Here’s my solution…Quit looking at Facebook too!!  Those kind souls who started Facebook groups didn’t mean for things to turn out the way they have.  And those people who are giving advice… do you really know them?  Do you know how long they have been practicing?  Do you know if they have a successful practice?  Do they know you?  Do they know if you live in a small town or a big city?  Whether you are a single parent working three jobs or someone who is just doing massage on the side until you retire from another profession?  Find a coach; find a mentor.  Find someone near you that you admire who is willing to be your support.  Ask at your school or your place of business.  Don’t rely on blind information; it’ll just make you feel bad.

The Myth of the $100K Massage Therapist

There’s a book written about how to make $100,000 per year as a massage therapist. It’s written by a lovely woman who made her fortune in massage working in Seattle and on high-end celebrity clients. Her book is insightful, and very helpful if you live in a large city and you are willing to work the hotel trade. My problem with her book is that most of us don’t live in large metropolitan areas. We don’t have fifty different five star hotels with concierge’s palms to grease… so what do we do?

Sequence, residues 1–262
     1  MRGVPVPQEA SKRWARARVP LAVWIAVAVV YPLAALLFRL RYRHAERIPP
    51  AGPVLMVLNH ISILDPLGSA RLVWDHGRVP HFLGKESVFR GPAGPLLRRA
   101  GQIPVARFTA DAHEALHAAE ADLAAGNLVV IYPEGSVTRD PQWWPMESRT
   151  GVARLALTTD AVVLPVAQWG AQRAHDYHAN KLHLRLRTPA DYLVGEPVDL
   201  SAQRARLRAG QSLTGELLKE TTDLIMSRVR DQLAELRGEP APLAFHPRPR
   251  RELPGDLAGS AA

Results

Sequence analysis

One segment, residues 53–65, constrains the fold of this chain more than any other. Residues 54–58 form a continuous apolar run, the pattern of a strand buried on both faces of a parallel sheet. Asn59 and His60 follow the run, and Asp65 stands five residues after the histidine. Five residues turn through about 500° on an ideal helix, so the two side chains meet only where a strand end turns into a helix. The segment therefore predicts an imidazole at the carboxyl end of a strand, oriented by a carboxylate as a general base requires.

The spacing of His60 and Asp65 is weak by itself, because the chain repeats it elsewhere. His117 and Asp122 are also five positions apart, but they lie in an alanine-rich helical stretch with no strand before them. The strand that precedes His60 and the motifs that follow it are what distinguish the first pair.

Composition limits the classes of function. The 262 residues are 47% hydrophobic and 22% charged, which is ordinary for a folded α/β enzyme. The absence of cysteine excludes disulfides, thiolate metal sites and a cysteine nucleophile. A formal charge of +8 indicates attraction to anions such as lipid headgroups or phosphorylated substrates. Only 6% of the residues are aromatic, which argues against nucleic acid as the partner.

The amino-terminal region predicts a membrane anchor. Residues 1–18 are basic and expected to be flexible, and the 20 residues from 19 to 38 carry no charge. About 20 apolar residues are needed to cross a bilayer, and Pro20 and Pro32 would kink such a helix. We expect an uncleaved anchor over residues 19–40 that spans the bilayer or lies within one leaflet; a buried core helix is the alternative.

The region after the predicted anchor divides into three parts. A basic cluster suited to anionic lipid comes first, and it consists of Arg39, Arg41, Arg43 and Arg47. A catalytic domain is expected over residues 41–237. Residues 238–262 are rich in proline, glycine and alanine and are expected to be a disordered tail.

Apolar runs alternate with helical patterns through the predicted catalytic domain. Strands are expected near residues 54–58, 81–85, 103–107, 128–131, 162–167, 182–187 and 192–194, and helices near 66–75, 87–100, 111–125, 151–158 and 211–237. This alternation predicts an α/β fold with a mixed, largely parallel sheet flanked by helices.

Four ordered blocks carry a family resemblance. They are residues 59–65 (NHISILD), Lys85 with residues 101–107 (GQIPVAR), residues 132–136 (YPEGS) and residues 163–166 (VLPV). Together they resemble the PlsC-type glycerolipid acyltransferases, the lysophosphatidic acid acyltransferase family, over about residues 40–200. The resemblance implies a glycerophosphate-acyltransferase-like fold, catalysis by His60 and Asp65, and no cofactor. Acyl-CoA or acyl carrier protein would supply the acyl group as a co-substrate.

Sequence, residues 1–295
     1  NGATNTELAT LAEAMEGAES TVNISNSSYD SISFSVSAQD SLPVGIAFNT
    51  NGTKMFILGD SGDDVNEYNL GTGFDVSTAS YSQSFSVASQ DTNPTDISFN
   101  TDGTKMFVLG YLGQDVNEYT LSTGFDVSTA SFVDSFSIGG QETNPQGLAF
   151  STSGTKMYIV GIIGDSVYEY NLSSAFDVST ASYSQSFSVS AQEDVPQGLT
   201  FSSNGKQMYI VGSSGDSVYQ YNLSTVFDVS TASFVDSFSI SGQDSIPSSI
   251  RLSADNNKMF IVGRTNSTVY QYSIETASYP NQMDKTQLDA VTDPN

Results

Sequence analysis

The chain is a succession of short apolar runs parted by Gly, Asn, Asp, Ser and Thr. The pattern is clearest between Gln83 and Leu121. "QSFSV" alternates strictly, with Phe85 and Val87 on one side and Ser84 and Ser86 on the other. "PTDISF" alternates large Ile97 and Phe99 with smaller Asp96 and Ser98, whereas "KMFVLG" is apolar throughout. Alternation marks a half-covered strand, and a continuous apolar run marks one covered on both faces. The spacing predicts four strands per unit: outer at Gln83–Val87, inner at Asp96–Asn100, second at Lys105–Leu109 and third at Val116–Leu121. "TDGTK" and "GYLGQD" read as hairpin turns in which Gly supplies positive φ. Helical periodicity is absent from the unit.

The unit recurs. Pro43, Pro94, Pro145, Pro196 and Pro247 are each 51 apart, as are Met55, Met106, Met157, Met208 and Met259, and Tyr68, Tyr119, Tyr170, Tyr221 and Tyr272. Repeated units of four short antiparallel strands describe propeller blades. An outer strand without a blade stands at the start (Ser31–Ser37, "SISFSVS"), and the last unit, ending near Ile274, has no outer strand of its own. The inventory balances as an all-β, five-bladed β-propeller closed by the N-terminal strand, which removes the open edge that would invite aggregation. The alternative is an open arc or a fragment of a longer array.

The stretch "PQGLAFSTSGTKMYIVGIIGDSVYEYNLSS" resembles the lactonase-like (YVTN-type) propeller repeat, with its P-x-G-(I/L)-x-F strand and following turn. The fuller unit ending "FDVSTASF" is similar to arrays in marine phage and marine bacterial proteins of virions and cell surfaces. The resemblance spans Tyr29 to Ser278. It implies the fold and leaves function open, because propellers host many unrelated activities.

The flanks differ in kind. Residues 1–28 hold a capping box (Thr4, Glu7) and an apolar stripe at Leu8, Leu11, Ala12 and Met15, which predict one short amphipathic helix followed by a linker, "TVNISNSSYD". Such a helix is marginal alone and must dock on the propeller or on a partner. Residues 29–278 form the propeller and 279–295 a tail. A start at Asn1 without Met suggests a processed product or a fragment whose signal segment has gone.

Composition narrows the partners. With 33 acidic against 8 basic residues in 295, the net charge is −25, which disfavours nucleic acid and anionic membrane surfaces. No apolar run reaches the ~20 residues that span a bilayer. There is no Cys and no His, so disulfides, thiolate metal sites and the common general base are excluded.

(And I must admit, I live in Knoxville, TN, which while not a huge metropolitan city is by no means a small town. Those of you in small towns have a real challenge to educate your area on the benefits of massage, as well as to remove the stigma that often surrounds massage in small towns.)

Well, my suggestion is that we do the same thing we do when we get a challenging client on our tables…we get creative, we try different things, and we don’t stop until we find a way to make what we do work!!

There are lots of different marketing ideas out there. If you live in small town America, the best thing that you have is your reputation. No matter what you do, word of mouth is going to be your best marketing tool. But there are only so many people you are going to be able to touch in a day, so how can you leverage your time and your skill set? There are actually lots of different ways.